Nobody likes inflation. A rising cost of living punishes everyone, rich and poor and all of us in between.

But what if we’re wrong? What if inflation is actually a good thing?

Here’s how soaring prices are actually beneficial

Recently I was on The New York Times to see how Paul Krugman was spinning the latest inflation reports.

I stumbled across the following “Inflation F.A.Q.” There was no author listed. It wasn’t described as an opinion or editorial – just presented as fact.

First I’ll tell you what it said, then I’ll tell you how it’s wrong.

Composite image with highlighting added via The New York Times

According to the Times, inflation is bad if you’re poor.

Now, here’s what they got wrong:

#1 “Inflation is a general increase in prices…” 

False. Inflation is an increase in the supply of money – which causes prices generally to rise. See, rising prices is a symptom but it is not inflation itself. Clearly, they haven’t read Dr. Ron Paul’s article on the only source of inflation.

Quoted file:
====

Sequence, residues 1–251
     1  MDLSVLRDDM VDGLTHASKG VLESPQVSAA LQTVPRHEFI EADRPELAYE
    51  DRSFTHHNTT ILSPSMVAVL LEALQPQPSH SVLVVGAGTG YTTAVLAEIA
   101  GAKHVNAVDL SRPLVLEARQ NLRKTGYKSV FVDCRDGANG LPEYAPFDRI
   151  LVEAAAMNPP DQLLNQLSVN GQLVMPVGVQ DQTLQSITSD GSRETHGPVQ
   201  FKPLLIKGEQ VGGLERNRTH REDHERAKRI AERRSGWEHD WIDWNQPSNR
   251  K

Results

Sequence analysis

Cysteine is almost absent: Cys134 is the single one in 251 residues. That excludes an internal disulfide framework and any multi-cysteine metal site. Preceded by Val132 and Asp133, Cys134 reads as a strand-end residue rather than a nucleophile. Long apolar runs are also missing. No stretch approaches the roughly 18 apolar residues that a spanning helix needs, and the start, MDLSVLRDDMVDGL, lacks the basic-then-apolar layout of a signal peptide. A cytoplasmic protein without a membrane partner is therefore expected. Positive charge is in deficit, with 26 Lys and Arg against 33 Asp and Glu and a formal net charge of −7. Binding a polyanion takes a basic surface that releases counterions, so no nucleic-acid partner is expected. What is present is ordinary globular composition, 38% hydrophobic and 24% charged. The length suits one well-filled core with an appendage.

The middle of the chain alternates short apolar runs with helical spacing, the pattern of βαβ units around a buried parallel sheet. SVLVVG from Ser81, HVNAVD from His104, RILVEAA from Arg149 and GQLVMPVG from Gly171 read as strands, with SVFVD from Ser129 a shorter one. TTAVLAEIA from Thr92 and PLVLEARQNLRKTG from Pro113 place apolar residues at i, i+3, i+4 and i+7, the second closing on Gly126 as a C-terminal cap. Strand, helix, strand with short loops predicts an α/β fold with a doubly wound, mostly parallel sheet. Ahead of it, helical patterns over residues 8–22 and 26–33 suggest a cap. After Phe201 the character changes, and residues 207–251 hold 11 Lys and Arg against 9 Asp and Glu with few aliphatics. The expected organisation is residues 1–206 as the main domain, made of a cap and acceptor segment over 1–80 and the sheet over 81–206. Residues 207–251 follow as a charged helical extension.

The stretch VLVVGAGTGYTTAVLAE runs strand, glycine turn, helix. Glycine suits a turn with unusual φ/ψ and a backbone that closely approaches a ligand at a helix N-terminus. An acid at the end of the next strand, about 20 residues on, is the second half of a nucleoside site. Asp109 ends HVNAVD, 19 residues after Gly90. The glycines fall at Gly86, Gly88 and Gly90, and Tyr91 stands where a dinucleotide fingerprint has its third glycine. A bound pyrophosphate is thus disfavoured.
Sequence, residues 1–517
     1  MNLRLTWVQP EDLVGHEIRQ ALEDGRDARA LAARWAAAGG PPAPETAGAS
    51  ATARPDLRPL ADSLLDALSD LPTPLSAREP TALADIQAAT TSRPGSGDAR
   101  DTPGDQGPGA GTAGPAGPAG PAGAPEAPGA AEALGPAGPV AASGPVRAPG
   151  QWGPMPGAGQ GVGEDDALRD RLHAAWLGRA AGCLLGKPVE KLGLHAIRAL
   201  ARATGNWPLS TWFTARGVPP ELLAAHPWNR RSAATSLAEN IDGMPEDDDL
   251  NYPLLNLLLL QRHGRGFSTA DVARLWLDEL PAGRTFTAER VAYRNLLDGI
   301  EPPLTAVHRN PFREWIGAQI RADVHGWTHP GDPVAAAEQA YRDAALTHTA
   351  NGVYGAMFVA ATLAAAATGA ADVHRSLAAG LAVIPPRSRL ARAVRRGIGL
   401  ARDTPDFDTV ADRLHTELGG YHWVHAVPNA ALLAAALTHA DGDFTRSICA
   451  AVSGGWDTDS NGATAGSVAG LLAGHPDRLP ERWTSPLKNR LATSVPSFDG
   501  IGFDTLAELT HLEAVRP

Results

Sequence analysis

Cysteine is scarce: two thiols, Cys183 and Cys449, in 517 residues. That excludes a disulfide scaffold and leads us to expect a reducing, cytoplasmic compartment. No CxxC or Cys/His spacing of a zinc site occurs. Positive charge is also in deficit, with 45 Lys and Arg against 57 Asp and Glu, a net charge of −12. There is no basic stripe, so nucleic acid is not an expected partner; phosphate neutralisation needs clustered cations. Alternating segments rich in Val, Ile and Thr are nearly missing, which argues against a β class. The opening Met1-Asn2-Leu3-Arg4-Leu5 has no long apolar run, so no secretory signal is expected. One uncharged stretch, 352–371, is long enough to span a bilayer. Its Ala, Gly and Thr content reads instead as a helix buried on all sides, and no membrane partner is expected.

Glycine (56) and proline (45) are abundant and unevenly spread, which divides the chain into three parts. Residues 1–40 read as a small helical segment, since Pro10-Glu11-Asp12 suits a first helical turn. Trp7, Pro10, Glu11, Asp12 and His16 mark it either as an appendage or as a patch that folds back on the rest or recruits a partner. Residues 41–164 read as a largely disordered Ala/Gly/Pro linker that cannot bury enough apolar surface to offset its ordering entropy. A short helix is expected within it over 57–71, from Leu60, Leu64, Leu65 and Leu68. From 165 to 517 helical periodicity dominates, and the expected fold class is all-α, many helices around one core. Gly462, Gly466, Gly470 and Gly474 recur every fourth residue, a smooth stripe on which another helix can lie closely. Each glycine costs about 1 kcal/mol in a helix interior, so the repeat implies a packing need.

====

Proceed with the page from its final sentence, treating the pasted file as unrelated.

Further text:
#2 “What causes inflation? It can be the result of rising consumer demand.”

False. Rising consumer demand can raise prices, yes. Supply disruptions (like a clogged channel at the Port of Baltimore) can also raise prices.

But we’ve just established that prices aren’t inflation – prices are based on two things: Supply and demand.

Come on, this is high school economics, folks! Who are they trying to fool?

#3 “Is inflation bad? It depends…”

What? No, it really doesn’t depend – inflation is deliberate wealth destruction. The purpose of the Federal Reserve’s 2%-per-year inflation target is to destroy purchasing power.